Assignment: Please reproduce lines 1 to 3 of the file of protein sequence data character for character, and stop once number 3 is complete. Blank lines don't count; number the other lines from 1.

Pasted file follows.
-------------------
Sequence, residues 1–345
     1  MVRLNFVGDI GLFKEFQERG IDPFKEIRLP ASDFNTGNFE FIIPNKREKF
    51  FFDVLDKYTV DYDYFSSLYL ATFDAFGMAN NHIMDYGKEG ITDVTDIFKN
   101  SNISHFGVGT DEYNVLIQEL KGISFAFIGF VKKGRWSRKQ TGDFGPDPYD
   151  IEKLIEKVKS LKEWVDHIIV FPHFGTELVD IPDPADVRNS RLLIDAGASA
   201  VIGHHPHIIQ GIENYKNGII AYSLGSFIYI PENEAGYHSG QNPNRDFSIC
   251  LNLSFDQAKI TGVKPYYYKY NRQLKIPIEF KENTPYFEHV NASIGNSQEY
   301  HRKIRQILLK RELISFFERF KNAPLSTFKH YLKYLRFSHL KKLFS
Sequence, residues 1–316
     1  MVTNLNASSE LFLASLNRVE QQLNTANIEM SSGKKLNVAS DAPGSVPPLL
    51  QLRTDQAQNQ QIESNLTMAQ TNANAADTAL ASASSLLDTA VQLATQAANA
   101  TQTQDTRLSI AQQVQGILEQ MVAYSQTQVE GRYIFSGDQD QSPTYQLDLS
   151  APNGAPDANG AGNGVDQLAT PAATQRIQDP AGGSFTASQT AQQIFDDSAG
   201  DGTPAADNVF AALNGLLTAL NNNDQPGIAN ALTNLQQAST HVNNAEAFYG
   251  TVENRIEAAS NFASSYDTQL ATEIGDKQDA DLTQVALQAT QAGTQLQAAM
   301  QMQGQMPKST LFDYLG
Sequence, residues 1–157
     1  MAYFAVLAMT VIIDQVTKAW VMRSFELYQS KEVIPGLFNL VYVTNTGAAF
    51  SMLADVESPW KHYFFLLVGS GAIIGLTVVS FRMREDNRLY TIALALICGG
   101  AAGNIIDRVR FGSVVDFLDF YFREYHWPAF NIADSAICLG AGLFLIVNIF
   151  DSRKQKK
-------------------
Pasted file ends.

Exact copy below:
Sequence, residues 1–345
     1  MVRLNFVGDI GLFKEFQERG IDPFKEIRLP ASDFNTGNFE FIIPNKREKF
    51  FFDVLDKYTV DYDYFSSLYL ATFDAFGMAN NHIMDYGKEG ITDVTDIFKN